In the Supreme Court’s view, little of this reasoning appears to be new, at least in the case of so-called combination patents. In a long line of decisions, starting with Hotchkiss v. Greenwood, 11 How. 248 (1851), and extending through Sakrida v. AG Pro, Inc. 425 U.S. 273 (1976), the Court has consistently held that “[t]he mere aggregation of a number of old parts or elements which, in the aggregation, perform or produce no new or different function or operation than that theretofore performed or produced by them, is not patentable invention.” Great Atlantic & Pacific Tea Co.
What is, perhaps, new are a number of statements as to what is “likely” to be obvious, and what a person of ordinary skill might be expected to do. For example, drawing on its prior decisions, the Court started with the propositions that a “combination of familiar elements according to known methods is likely to be obvious when it does no more than yield predictable results” and that “[i]f a person of ordinary skill can implement a predictable variation, §103 likely bars its patentability.” According to the Court, one question that “must [be] ask[ed is] whether the improvement is more than the predictable use of prior art elements according to their established function.”
The Court went on to discuss some questions that a court might ask to determine if it would have been obvious to do what some patents claim. For example, does the patent claim encompass an obvious solution to a known problem that may not be the same as the problem with which the patentee was concerned? The Court said, “any need or problem known in the field of endeavor at the time of invention and addressed by the patent can provide a reason for combining the elements in the manner claimed,” and that one “error of the Court of Appeals lay in its assumption that a person of ordinary skill attempting to solve a problem will be led only to those elements of prior art designed to solve the same problem.” What the lower court in KSR apparently should have done was to determine whether “a person of ordinary skill in the art could have combined Asano [a prior art patent] with a pedal position sensor [itself also old] in a fashion encompassed by claim 4, and would have seen the benefits of doing so.”
One aspect of the Supreme Court’s decision that will clearly engender future discussion is the role of “obvious to try.” The Federal Circuit has long held that a patent is not invalid simply because it is “obvious to try” to do what the patent did; what also must be shown is that there would have been a “reasonable likelihood of success.” The Supreme Court said that “the fact that a combination was obvious to try might show that it was obvious under §103.” But under what circumstances? When anticipated success is likely, predictable, or only a fervent hope? The Supreme Court decision does not say.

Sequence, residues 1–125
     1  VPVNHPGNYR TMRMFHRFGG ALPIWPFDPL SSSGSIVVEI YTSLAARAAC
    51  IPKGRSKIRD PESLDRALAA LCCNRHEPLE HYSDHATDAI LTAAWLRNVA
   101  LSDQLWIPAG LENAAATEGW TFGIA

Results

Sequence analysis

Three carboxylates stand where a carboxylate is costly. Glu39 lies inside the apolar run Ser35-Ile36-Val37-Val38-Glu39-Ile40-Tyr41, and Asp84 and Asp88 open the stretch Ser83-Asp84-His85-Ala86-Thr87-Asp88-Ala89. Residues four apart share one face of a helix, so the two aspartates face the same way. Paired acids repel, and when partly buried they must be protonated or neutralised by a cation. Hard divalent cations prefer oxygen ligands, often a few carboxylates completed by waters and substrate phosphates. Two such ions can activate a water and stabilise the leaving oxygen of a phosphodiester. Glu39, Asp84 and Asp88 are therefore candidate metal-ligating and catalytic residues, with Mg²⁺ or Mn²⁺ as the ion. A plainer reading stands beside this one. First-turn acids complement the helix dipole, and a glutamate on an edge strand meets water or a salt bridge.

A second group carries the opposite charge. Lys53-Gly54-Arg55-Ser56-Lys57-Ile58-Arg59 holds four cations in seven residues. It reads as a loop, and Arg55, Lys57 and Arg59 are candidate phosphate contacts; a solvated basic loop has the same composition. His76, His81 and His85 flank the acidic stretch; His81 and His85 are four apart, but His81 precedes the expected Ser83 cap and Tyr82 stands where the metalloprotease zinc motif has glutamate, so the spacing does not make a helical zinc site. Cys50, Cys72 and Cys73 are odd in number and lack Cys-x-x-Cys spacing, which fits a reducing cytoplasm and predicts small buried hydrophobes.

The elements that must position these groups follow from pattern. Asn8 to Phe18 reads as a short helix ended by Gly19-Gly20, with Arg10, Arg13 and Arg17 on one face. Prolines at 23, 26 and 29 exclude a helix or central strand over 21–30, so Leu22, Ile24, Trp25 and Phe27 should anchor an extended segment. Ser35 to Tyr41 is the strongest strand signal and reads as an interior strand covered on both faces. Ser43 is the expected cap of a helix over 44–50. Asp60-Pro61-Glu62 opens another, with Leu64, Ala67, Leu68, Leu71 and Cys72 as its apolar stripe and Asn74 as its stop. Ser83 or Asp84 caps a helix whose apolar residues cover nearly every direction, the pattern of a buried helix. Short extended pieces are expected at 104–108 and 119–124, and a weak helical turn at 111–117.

And what remains of TSM? The Supreme Court accepted that “[t]here is no necessary inconsistency between the idea underlying the TSM test and the Graham[v. John Deere, 383 U.S. 1 (1966)] analysis,” but TSM quite clearly is now only one part of a broader inquiry into whether a claimed invention is “obvious.” Importantly, TSM, and the Court’s observations that some “combinations” are “likely to be obvious,” and that §103 “likely bars” “a predictable variation,” are one-way streets. They can lead to the conclusion that an “invention” is “obvious,” but what points the other way?
The clearest indication of what would not be obvious was the Court’s statement that it previously, in United States v. Adams, 383 U.S. 39 (1966), upheld the patent on Adams’s battery because “[t]he fact that the [individually known] elements worked together in an unexpected and fruitful manner supported the conclusion that Adams’s design was not obvious to those skilled in the art.” But when is an advance both “unexpected” (rather than “predictable” or “obvious to try”) and more than the result of “ordinary innovation” (given KSR’s admonition that the “person of ordinary skill is also a person of ordinary creativity, not an automaton”)? These are questions with which patentees, patent applicants, the Federal Circuit and the US Patent and Trademark Office will struggle, likely for several years to come.